The AHU systems are essential to maintaining the internal temperature and appropriate humidity of a building. If you require AHU system design, please contact Director of Engineering Design Tom Gilmartin at (716) 592-3980 ext 124 or firstname.lastname@example.org.
From aerospace to healthcare, engineers in every industry are constantly thinking of how to make improvements. Designing new components, materials, and procedures is a process of constant innovation. Before these designs can be used, they must be rigorously tested under real-world conditions to ensure that they work safely and effectively. Instead of testing prototype after prototype, it can be more cost-effective to subject designs to finite element analysis performed by a mechanical engineering service.
What Is Finite Element Analysis?
Finite element analysis involves breaking down the complex geometry of a mechanical component or system into an assembly of smaller (finite) and simpler elements. Each of these elements is modeled in a computer and subjected to mathematical calculations that test everything from the effects of electromagnetism on the component to its response to prolonged heating, physical stress, etc. These calculations are described using partial differential equations that are systematically applied to each element to demonstrate how it would react to real world conditions.
The Three Stages of Finite Element Analysis
Mechanical engineers begin finite element analysis by developing an “element mesh,” a breakdown of the test subject into multiple discrete elements. Then, each element is systematically analyzed in a computer simulation, applying any condition the engineering team deems important and solving equations at numerous data points to create a matrix of information. That range of data is then compiled and analyzed to provide a comprehensive evaluation of the design.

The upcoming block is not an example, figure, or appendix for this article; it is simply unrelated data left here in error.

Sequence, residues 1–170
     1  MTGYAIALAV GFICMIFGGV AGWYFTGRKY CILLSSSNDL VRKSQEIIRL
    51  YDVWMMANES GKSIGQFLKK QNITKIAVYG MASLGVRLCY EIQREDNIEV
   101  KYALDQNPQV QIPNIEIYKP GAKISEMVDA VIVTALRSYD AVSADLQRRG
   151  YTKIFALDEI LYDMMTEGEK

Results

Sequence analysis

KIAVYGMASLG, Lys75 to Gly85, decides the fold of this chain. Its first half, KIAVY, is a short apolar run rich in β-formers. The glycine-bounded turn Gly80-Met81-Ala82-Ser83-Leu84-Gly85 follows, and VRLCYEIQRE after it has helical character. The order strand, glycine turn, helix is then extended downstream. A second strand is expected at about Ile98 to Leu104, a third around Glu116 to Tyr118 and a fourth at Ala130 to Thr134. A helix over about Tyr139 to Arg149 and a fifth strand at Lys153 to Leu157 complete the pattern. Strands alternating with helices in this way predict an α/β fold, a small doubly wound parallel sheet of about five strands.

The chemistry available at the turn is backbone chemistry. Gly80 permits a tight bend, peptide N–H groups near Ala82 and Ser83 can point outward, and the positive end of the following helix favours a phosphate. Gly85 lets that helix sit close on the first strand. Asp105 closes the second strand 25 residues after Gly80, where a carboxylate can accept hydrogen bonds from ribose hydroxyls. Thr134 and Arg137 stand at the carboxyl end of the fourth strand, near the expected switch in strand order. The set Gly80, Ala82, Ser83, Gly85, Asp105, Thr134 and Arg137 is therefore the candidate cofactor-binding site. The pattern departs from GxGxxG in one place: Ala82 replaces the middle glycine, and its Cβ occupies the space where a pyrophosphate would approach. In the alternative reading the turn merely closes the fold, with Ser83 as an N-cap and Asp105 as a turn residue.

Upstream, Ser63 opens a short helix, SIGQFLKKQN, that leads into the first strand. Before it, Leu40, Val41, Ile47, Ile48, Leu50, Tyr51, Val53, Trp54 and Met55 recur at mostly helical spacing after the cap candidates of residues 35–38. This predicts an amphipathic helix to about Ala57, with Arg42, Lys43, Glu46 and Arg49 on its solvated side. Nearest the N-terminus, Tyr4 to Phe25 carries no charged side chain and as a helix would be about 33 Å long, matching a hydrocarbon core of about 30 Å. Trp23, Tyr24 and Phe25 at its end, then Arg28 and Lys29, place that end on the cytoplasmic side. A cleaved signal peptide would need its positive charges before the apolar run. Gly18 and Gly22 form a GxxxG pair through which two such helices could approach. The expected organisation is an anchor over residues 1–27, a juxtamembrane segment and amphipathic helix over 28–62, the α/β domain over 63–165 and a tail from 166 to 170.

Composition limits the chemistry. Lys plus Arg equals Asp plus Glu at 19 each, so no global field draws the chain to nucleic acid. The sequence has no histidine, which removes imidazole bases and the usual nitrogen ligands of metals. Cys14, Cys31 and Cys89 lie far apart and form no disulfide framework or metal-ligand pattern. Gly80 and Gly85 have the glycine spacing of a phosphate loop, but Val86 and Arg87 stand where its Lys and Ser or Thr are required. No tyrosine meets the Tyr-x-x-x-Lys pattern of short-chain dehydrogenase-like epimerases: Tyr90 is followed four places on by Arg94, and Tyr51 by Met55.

The Benefits of Finite Element Analysis
Finite element analysis lets mechanical engineering firms test, re-test, and recalibrate designs for a new component, material, or process. Breaking down physical structures into groups of smaller elements allows engineers to subject them to a variety of simulated conditions without the need for multiple prototypes. Finite element analysis can be used to test components in situations that would be expensive or difficult to test in a controlled environment, such as a piston design’s response to extreme temperatures or the durability of components in an oil rig under fluid pressure.
Encorus Group offers nationwide finite element analysis as part of our broad range of mechanical engineering services. From municipal waterworks to nuclear power facilities, we can help you rigorously analyze, assess, and perfect your designs to ensure that they will perform as intended. We are proud to be a Service-Disabled Veteran-Owned Small Business (SDVOSB) with decades of experience in the field. For more information about finite element analysis or our other mechanical engineering solutions, call Dana Pezzimenti, P.E. at 716.592.3980, ext.128 or email him at email@example.com.